Before you drop out of seminary, there’s good news. Paul didn’t pen these words simply as a therapeutic exercise. Paul preserved this story because he wanted to recount the deliverance he experienced. God also wants you to know that you too will experience that deliverance. Sure, there will be pain. Sometimes, like it was for Paul, the pain will defy description! But you can proceed towards ministry confident that God will fill your pain with purpose. Just like he did for Paul.
Look at the first few words in verse 9. “But that was to make us…” Paul is saying that the there was a Writer to his drama – One who was ordaining certain outcomes and giving meaning to the afflictions he was experiencing. That Writer was God himself. God intentionally brought Paul to a place of weakness in ministry, which actually led Paul to despair.
Why would God do this?
Because God cares very much about what and who we rely upon. You know what? We don’t take the issue of reliance nearly as seriously as God does. God is so serious about our reliance that he will create the worst moments in our lives in order to force us to rely upon him. Sometimes God’s best work happens when we are forced to stop trying to decipher God and have to start trusting God. It’s part of God’s plan for making a pastor.
There are times when God brings trials into our lives with the sole goal of teaching us to rely upon Him. In the midst of these trials, we don’t understand why we are experiencing them. For two years, Joseph was a shining example of purity, even as Potiphar’s wife was seeking to seduce him. Then, unexpectedly and inexplicably, he was jailed. No discussion, no explanation, no interpretation – God moves him from the palace to prison. Comfortably ensconced in a Starbucks and reading Genesis, we can see why God allowed it to happen. But Joseph was blind to the reason.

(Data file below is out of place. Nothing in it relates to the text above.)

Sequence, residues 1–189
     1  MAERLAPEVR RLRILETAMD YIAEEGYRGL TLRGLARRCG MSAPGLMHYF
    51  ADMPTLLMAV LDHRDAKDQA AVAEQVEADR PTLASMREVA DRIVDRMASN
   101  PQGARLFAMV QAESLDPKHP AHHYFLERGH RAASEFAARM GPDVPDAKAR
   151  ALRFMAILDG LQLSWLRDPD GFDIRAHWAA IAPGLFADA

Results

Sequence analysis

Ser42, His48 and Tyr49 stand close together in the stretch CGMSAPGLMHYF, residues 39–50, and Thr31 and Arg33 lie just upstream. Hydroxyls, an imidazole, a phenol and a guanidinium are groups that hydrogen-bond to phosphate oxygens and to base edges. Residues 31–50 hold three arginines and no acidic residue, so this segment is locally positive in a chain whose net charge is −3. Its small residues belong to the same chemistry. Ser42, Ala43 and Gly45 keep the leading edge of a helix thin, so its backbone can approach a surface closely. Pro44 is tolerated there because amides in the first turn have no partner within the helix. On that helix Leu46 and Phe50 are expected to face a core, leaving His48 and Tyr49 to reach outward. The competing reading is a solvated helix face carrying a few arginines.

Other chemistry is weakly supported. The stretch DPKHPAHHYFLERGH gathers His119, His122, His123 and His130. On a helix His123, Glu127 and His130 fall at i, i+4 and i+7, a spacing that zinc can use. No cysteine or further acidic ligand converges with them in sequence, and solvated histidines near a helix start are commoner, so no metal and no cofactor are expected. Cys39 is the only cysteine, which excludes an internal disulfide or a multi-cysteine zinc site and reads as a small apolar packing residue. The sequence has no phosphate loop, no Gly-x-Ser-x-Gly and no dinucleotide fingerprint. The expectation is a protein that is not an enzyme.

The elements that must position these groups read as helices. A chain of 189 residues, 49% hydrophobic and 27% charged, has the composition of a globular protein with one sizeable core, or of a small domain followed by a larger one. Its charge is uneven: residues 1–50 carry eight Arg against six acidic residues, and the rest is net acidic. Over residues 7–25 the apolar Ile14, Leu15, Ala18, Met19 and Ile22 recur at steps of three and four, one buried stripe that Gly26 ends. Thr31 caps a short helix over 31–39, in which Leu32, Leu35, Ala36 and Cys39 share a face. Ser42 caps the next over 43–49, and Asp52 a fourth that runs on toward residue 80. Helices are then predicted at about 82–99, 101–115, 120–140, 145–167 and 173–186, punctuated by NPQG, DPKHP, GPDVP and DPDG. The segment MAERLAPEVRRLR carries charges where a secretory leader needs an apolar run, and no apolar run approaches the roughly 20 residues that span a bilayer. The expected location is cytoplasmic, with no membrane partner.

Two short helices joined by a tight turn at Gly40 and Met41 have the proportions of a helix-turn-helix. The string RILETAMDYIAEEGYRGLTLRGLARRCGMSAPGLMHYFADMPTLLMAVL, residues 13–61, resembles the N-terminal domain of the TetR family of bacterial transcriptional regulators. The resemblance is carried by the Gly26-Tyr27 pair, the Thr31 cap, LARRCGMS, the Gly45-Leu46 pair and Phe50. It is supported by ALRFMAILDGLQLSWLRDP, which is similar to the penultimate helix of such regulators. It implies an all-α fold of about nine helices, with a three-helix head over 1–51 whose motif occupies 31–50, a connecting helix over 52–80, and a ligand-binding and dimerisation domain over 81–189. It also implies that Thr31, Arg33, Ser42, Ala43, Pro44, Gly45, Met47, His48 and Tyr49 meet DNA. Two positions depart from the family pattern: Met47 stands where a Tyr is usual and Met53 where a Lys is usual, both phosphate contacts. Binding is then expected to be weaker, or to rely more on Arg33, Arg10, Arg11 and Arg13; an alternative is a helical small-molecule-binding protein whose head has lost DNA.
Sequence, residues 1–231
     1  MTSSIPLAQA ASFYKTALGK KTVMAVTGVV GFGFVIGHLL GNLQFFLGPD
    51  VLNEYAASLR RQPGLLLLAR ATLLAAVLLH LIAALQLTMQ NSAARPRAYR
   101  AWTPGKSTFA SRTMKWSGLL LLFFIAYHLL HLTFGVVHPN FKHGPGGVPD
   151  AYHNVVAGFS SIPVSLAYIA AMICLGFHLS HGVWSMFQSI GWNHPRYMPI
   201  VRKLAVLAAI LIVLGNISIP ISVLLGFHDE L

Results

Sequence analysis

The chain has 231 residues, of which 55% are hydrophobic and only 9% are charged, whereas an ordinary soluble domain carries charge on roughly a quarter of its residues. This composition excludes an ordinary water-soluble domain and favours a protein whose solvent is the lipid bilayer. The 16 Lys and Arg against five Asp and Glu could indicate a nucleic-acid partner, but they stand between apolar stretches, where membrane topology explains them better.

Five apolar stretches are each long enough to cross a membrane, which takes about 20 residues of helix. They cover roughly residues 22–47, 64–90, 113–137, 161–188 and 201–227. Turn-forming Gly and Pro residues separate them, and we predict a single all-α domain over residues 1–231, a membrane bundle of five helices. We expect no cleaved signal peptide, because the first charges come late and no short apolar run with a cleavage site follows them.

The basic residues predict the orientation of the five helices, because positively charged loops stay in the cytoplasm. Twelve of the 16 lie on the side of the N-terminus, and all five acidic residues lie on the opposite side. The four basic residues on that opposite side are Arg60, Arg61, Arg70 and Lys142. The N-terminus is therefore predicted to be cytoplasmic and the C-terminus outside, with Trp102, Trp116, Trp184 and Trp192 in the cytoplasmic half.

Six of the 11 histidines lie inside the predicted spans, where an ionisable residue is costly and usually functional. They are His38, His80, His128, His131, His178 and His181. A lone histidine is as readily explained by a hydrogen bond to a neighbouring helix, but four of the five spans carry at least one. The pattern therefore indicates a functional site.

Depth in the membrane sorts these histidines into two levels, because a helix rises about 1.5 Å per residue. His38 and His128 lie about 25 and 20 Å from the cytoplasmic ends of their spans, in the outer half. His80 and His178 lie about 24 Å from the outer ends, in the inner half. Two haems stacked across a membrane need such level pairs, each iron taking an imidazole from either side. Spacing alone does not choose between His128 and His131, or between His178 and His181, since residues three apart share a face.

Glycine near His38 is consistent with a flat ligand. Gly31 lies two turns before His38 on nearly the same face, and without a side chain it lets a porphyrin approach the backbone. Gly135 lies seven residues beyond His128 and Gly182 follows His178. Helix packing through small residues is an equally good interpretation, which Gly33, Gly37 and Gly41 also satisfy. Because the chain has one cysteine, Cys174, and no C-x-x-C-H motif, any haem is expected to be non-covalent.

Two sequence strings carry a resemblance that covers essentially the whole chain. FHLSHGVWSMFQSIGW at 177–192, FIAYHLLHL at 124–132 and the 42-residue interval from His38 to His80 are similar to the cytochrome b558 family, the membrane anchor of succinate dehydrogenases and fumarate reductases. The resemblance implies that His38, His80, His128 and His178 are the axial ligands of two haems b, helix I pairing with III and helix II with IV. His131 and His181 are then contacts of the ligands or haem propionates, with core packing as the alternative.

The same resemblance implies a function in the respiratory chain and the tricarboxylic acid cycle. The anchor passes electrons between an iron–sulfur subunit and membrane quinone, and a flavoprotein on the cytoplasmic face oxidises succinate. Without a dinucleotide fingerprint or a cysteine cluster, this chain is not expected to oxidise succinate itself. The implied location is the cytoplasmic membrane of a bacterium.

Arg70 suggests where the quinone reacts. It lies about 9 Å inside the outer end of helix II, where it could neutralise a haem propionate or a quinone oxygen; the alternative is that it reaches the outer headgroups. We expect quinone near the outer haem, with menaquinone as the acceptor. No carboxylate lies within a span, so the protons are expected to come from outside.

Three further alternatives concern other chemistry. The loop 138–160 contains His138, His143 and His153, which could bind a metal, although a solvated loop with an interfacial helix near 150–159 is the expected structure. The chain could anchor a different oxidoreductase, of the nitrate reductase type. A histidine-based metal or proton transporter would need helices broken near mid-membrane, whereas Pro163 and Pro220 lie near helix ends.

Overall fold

If you’re called to ministry, expect Joseph-like moments. Imprisonment in the fires of affliction, where the pain seems arbitrary and meaningless.
Sometimes it just pleases God to shake our lives. And, it’s funny, but He doesn’t feel obligated to explain himself to us. In these times, God’s goal will be, in part, to produce reliance in us. Reliance almost always involves pruning and stripping down.
Men considering ministry need to hear some sobering news. If you plant a church or become a pastor, God will inevitably bring you through trials where there is no clear answer to the question of, “Why?” A young elder may be afflicted with cancer. Why? An older couple will cause division in your church. Why? Your closest friend will leave the church. Why?
As you ponder the call to ministry, ask yourself, “Am I willing to suffer emotionally or mentally for the sake of the gospel?” Before you answer though, remember that this suffering is not random or pointless. God plants the gospel deep when he sows suffering in his servants. Pastors eventually discover that God not only causes all things to work for good (Rom 8:28), but He also causes the pastor’s suffering to work for the good of the people he serves.
Suffering will come. But the lesson of reliance and the experience of deliverance will be worth it!